Translated from Portuguese by Dan Hanrahan I know you by your scent, by your clothes, by your cars, by your rings and, of course, by your love of money. By your love of money that some distant ancestor left you as inheritance. I know you by your scent. I know you by your scent and by the dollar signs that embellish your eyes that hardly blink for your love of money. For your love of money and all that negates life: the asylum, the cell, the border. I know you by your scent. I know you by the scent of pestilence and horror that spreads wherever you go —I know you by your love of money. Under your love of money, God is a father so cheap he charges for his miracles. I know you by your scent. I know you by the scent, of sulfur, which you can’t mask which clings to all that you touch for the love of money. For your love of money, you respond with loathing to a smile, to pleasure, to poetry. I know you by your scent. I know you by your scent. Smell one of you and I’ve smelled all of you who survive only by your love of money. For the love of money, you turn even your own daughters to hard currency, to pure gold. I know you by your scent. I know you by your scent. I know you by the stench of your rotting corpse that somehow walks for its love of money.
Night of Calunga in the Bairro Cabula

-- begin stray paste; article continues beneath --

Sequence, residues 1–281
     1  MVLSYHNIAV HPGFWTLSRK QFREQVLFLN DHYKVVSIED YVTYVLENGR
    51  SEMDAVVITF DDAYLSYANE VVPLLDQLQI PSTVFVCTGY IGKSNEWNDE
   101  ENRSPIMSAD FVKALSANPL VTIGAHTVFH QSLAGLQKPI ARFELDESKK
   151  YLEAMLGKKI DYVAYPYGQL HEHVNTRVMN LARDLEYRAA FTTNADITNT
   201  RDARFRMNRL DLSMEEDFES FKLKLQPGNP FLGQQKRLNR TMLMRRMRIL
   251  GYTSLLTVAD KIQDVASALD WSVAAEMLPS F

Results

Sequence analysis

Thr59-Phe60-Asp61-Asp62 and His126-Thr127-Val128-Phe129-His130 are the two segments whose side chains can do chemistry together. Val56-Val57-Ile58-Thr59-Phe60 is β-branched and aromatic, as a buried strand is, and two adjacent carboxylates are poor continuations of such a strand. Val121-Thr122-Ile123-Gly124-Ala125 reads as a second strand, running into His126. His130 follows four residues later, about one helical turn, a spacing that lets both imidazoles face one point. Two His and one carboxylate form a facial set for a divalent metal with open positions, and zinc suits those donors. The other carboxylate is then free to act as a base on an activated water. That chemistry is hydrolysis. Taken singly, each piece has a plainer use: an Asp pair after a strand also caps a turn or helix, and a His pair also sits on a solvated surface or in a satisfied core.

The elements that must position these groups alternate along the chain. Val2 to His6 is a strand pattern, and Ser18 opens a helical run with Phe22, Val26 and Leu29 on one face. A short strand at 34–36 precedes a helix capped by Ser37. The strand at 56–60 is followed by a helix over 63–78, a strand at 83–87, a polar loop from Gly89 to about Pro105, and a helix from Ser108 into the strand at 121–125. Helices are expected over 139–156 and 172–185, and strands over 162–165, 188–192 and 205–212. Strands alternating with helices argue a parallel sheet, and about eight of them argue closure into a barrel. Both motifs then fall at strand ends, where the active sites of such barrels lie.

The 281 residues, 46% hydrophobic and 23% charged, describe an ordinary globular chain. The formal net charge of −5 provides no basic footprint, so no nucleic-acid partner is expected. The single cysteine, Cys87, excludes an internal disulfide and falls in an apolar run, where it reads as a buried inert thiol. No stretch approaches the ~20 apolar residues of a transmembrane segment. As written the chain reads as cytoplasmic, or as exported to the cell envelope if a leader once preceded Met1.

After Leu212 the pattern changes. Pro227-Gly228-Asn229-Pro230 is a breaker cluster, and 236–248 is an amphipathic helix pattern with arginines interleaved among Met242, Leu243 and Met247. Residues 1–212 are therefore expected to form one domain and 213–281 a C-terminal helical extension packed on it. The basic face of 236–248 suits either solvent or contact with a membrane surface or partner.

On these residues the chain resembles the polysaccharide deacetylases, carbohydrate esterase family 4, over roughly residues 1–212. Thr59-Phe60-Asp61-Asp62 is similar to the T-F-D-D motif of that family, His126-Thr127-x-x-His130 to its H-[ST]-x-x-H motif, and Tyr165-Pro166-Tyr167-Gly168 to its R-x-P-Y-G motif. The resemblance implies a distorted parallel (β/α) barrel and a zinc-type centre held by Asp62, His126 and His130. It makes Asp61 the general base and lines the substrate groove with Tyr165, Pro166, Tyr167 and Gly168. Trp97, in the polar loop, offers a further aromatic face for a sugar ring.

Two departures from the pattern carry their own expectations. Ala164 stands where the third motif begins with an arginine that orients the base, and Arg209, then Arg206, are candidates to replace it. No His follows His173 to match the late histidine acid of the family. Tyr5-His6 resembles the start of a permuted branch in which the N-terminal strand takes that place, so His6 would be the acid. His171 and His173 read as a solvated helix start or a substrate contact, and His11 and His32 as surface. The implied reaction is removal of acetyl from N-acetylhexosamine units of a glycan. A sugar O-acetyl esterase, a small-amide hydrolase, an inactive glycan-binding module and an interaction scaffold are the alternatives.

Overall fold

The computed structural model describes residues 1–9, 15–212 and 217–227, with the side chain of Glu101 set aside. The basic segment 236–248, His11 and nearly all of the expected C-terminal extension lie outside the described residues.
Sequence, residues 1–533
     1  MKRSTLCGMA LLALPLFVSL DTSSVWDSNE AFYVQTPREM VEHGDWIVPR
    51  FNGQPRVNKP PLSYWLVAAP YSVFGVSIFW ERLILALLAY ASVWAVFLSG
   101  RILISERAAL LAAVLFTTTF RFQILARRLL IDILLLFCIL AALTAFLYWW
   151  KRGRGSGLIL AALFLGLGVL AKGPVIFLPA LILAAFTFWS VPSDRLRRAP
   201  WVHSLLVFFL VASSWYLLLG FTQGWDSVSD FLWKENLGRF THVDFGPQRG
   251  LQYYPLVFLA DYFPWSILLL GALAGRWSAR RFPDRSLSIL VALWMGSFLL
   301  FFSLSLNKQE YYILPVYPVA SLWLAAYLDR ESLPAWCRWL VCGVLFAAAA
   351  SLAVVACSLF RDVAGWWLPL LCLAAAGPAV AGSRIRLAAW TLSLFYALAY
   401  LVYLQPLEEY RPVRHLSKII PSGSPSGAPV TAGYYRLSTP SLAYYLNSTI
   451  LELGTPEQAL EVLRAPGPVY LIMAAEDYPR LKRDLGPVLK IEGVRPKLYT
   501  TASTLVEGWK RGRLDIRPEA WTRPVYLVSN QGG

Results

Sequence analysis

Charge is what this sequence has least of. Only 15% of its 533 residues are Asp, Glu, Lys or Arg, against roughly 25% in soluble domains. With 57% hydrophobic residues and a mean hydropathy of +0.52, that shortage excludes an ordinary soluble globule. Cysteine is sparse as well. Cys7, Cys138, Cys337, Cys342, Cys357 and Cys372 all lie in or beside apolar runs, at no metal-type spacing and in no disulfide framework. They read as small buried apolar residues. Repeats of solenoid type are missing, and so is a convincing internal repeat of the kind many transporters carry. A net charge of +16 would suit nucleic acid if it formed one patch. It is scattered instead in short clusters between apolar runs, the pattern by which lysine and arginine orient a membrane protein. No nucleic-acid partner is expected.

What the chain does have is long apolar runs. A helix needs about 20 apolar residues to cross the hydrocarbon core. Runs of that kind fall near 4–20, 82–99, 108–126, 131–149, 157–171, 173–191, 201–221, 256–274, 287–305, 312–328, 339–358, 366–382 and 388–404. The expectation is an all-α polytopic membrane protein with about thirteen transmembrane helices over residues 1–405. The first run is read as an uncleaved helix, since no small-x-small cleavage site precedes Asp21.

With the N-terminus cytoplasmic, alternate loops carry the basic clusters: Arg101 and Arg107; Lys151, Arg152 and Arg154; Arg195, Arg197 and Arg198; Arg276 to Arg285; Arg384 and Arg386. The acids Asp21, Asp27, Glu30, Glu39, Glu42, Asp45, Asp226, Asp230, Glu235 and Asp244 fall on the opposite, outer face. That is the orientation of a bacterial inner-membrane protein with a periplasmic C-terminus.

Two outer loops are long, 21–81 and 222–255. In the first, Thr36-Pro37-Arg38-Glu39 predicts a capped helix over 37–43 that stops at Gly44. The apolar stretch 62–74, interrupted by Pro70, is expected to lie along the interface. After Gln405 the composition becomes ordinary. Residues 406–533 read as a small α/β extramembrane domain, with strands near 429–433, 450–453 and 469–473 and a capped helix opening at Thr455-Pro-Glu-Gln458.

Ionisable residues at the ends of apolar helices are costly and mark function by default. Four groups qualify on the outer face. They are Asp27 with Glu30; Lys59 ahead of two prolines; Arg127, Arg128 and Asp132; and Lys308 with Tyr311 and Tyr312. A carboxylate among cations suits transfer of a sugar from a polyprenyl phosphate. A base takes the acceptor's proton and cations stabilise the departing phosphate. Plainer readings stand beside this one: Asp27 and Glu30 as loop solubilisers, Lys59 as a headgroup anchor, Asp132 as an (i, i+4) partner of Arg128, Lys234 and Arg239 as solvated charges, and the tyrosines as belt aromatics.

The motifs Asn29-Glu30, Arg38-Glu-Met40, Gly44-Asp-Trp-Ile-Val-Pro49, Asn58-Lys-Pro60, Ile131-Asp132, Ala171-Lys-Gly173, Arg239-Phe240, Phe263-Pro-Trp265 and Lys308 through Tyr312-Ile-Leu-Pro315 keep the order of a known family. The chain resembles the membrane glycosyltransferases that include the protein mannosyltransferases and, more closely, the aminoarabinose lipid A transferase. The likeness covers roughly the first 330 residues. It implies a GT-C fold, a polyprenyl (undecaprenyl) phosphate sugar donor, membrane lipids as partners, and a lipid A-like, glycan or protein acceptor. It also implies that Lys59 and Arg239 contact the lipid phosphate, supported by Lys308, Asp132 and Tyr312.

Translated from Portuguese by Dan Hanrahan I died how many times in the longest night? In the motionless night, heavy and long, I died how many times on the night of calunga? The night does not end and here I am dying again nameless and again dying with each hole opened in the musculature of the person I once was. I died how many times in the bleeding bruised night? In the night of calunga so long and so heavy, I died how many times on that terrible night? The night most death and there I was dying again voiceless and again dying with each bullet lodged in the deepest depths of what I remain (and with each silence of stone and mortar that sheds the white of your indifference onto the shadow of what I no longer am and never will be again). I died how many times in the night of calunga? In the brackish night, night without end, the oceanic night, all emptied of blood, I died how many times in the terrible night the night of calunga in the Bairro Cabula? I’ve died so many times but they never kill me once and for all. My blood is a seed that the wind roots in the belly of the earth and I am born again and again and my name is that which does not die before making the night no longer the silent partner of death but the mother that births children the color of night and watches over them as a panther who shows, in the light of her gaze and in the sharpness of her teeth, just what she will do if the hand of evil even imagines troubling the sleep of her cub. I’ve died so many times but I am always reborn stronger brave and beautiful— all I know is to be. I am many, I extend across the world and across time inside me and I am so many one day I will make life live.